On May 16, 2012, RAND brought together a group of public company directors and executives, chief ethics and compliance officers, and stakeholders from the government, academic, and nonprofit sectors for a series of conversations about organizational culture, as well as to explore the business and policy ramifications of efforts to build better ethical cultures in corporations.
The symposium discussions featured a range of viewpoints on the history and progress of compliance initiatives, the barriers to achieving a strong ethical culture within corporations, and what corporate boards, executives, and policymakers can do to cultivate such cultures. Symposium participants put forward a range of solutions, many of which sought to overcome the common tendency to view compliance as a legal issue more so than a cultural one.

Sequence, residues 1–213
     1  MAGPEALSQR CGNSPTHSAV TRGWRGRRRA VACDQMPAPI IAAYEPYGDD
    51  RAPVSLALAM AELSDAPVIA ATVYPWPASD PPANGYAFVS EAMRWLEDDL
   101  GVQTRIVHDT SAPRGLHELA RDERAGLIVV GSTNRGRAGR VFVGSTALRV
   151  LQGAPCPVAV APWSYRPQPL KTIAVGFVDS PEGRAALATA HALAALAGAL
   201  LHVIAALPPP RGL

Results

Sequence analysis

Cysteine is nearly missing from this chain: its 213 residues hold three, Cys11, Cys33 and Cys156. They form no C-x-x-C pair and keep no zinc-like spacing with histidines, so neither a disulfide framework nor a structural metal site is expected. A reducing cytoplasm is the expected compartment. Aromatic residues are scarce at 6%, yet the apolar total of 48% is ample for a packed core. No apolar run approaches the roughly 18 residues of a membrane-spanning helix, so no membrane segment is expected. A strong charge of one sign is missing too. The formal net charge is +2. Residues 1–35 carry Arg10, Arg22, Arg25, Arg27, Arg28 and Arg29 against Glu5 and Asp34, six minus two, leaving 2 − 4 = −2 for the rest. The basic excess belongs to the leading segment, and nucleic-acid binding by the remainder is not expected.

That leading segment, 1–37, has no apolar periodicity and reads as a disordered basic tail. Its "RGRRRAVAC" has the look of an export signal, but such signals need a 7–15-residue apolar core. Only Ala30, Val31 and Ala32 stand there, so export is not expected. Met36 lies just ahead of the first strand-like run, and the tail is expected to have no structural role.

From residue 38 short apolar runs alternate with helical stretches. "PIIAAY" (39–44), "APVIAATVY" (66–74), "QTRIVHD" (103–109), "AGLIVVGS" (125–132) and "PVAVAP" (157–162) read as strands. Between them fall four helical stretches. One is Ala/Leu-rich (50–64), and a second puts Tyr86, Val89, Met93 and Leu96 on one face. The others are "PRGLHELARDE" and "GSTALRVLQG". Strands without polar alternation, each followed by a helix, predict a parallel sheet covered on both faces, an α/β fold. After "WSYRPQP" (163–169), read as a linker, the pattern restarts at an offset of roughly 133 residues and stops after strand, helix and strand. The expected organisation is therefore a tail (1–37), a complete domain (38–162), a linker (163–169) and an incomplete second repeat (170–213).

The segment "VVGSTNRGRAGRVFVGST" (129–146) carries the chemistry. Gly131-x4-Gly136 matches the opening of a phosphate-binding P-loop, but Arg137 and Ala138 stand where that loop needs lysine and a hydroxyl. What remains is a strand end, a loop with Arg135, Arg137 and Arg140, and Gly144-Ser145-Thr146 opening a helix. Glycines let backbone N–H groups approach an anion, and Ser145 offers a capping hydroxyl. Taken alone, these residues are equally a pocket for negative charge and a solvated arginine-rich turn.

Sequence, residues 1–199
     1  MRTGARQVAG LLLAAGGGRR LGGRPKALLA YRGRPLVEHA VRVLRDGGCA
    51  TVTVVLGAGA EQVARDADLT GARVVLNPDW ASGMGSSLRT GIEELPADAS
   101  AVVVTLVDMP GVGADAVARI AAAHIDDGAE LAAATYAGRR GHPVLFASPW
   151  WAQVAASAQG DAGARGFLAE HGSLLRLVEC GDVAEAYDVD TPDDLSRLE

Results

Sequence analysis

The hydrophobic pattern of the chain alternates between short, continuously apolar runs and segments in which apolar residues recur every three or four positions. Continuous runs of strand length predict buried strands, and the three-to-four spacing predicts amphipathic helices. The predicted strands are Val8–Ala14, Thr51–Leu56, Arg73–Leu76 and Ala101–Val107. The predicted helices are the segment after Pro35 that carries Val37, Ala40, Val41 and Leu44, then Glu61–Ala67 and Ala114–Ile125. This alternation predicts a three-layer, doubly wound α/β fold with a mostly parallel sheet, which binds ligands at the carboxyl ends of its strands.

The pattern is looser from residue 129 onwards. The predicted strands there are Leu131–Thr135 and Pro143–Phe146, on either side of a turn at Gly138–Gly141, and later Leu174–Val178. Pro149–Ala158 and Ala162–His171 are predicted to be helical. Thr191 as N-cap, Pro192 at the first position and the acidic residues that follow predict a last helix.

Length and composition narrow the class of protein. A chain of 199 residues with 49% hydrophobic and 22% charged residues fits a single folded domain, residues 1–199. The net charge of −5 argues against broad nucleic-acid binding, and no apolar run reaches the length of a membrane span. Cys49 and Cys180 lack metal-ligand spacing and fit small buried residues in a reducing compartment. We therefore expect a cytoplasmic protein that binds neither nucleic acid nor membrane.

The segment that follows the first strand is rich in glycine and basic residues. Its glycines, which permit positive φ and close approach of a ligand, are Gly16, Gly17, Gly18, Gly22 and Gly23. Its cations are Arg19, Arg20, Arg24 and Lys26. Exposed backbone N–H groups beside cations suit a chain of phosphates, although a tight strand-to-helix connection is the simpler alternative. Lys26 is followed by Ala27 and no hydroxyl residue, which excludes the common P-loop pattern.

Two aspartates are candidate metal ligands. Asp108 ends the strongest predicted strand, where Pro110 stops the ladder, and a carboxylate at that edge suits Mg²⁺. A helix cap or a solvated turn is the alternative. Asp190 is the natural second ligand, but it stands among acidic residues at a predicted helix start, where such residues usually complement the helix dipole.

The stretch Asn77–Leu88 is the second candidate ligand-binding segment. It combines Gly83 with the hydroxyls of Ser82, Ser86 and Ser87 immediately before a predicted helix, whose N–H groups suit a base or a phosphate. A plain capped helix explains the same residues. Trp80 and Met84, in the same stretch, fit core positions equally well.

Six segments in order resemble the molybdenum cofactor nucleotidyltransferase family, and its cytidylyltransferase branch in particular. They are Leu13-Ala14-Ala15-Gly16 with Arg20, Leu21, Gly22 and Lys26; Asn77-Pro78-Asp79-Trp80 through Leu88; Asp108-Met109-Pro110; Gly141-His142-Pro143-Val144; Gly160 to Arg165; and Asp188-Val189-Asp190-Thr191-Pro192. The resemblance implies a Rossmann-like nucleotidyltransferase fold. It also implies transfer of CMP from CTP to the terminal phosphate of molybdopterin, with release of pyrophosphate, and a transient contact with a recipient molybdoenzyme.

Four RAND invited white papers (attached to the report):
- Jeffrey M. Kaplan, a partner at the law firm Kaplan & Walker LLP, “Semi-Tough: A Short History of Compliance and Ethics Program Law”
- David Gebler, president of Skout Group, LLC, a corporate consultancy, “The Start of the Slippery Slope: Why Leaders Must Manage Culture to Create a Sustainable Ethics and Compliance Program”
- Patrick Gnazzo, principal of Better Business Practices LLC, and Keith Darcy, executive director of the Ethics and Compliance Officer Association, “Preventing Corporate Crime: What Boards and Management Should Do Next to Support Ethical Culture and Stronger C&E Programs”
- Joseph Murphy, director of public policy at the Society for Corporate Compliance and Ethics, “Over 20 Years Since the Federal Sentencing Guidelines: What Government Can Do Next to Support Effective Compliance and Ethics Programs.”
Click here to download a copy of the report: RAND Symposium Report Fall 2012